Wednesday, March 16, 2011

Dream Home (March 19th at the Capitol Theatre)

[DREAM HOME screens Saturday March 19th at 11:59 pm at the Capitol Theatre]

Review by Bob Ignizio


Just as in the rest of the world, the housing market in Hong Kong circa 2007 was one in which real estate prices had been artificially driven sky high by unscrupulous banking and investment practices. Although her friends advise against buying in this climate, Sheung (Josie Ho) has her heart set on an apartment with an ocean view. She's even found the perfect place. Problem is, she doesn't make enough on her salary to keep up with the payments. So what's all that got to do with the brutal murder scene that kicks off Ho-Cheung Pang's DREAM HOME (Wai dor lei ah yut ho)? Plenty, as we slowly come to learn through flashbacks to key moments in Sheung's life.


On one hand, DREAM HOME is like a Hong Kong version of one of Dario Argento's seventies giallos, full of stylish and gory set pieces lit with bold colors. At the same time, it offers a biting commentary on the housing crisis, putting blame on both the bankers and lenders who artificially raise housing prices, as well as those buyers who just had to have a McMansion even though they knew they couldn't afford it. Meanwhile, those people just trying to get by and be responsible get caught in the middle and become victims. Of course no one harmed in the real housing meltdown had their intestines yanked out or various appendages lopped off as a result (as far as I know, anyway), but we're working in metaphor here.

Although the recent financial crisis is seen as the main cause of Sheung's (and Hong Kong's) problems, it's also strongly implied that the return/handover of Hong Kong toChina didn't exactly help matters (it's no coincidence that one of the years the film flashes back to is 1997, the year Hong Kong once again came under the sovereignty of the mainland). The film also takes aim at the men of Hong Kong. Sheung's boyfriend is an irresponsible philanderer too cheap to even pay for the hotel room the couple uses for their tryst, and the rest of the men seen or mentioned in the film don't fare much better. It would be a stretch to describe Sheung as a feminist anti-hero, but you have to admit she does take matters into her own hands.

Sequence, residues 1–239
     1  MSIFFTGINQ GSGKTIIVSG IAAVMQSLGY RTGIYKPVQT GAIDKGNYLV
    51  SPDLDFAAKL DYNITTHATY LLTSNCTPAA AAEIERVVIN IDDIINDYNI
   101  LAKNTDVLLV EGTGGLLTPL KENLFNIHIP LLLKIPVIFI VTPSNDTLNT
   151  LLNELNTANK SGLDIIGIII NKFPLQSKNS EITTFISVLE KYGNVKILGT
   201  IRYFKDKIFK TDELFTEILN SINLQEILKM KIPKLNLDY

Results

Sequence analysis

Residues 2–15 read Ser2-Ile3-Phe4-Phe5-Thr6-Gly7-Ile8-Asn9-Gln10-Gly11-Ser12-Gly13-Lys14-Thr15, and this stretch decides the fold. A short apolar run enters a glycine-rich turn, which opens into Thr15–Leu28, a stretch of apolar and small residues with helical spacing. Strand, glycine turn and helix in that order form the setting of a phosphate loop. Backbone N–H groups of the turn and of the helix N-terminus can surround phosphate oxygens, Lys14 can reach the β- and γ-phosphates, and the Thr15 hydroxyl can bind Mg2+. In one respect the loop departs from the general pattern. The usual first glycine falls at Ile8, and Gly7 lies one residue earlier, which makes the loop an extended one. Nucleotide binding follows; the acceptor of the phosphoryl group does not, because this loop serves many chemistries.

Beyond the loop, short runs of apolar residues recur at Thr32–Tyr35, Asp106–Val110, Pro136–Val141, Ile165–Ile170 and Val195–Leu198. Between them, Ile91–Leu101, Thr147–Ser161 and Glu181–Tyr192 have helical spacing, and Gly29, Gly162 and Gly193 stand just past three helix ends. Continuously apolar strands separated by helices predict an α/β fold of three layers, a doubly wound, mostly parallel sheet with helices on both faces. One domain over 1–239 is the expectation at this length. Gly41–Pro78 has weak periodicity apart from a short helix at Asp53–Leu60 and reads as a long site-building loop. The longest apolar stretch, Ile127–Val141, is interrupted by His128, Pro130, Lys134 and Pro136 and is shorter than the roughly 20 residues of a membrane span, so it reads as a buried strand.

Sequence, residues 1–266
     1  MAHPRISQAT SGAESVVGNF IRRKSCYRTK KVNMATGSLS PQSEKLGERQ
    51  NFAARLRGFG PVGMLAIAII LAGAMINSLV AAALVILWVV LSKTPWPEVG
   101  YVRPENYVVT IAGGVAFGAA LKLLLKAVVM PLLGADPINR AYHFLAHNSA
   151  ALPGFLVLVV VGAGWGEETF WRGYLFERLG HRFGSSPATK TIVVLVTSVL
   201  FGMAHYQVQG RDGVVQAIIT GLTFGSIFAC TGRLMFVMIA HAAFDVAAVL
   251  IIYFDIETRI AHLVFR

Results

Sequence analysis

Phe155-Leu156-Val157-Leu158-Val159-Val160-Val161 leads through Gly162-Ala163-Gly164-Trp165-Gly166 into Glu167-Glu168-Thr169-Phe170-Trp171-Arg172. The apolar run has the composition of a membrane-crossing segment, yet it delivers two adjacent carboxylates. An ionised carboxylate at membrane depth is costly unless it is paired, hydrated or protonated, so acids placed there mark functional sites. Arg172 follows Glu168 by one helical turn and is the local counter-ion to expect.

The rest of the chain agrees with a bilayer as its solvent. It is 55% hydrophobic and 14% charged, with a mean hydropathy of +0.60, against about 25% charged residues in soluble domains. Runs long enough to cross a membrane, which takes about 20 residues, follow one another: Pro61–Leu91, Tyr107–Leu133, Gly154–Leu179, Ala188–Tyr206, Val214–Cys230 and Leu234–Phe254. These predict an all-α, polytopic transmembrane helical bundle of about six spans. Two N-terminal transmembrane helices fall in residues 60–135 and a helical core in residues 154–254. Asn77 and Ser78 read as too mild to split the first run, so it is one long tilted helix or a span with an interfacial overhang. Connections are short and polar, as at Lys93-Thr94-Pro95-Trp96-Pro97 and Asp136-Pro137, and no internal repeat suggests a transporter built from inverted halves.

Josie Ho does a fine job maintaining some degree of audience sympathy as Sheung even as she goes further and further off the deep end. None of the other players in the film have to much to do besides die convincingly, so this is essentially a one woman show, and Ms. Ho pulls it off quite capably. As visually appealing as director Pang's compositions are, I'm less enamored with his decision to tell his story out of sequence. I get what he was going for by parceling out information in such a way as to keep the audience wondering about certain key plot points, but it feels more gimmicky and confusing than anything. The sense of mystery could just as easily have been maintained with a more linear approach. Regardless, this is a clever and visually striking thriller that has something to offer for arthouse sophisticates and straight up gore hounds alike. 3 out of 4 stars.

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